By David Thomas on March 31, 2009
Earlier this morning Ford announced its new assurance program covering up to 12 months of payments if a new-car buyer loses his source of income. Minutes ago, GM announced a similar plan. It covers up to nine months of payments of $500 a month, and it will cover any negative equity in your vehicle if you trade it in on a new GM. The program starts Wednesday and runs through April 30.
What does that last part mean? As far as we can decipher from GM’s brief press release, if you buy a new GM car today and after 24 months of ownership you trade it in for a new GM car, GM will pay the difference if you owe more than the car is worth. There is no mention of a cap on this amount, and we will update this post as soon as we learn of one.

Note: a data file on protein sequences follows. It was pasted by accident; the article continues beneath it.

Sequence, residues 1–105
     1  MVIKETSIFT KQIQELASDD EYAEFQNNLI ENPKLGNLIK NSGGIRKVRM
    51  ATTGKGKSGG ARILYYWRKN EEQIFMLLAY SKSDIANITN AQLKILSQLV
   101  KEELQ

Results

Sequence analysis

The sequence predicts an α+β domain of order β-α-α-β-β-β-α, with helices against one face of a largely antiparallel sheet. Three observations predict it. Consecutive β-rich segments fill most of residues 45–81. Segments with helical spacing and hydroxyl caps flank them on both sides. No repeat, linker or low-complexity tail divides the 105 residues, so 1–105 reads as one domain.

This equity protection requires any owner to have paid off half of the term no matter the length. So if you have a six-year deal you must pay through 36 months before trading the new car in to qualify.
GM is launching a website for the program at gmconfidence.com, but the site is not yet live.
Managing Editor David Thomas has a thing for wagons and owns a 2010 Subaru Outback and a 2005 Volkswagen Passat wagon. Email David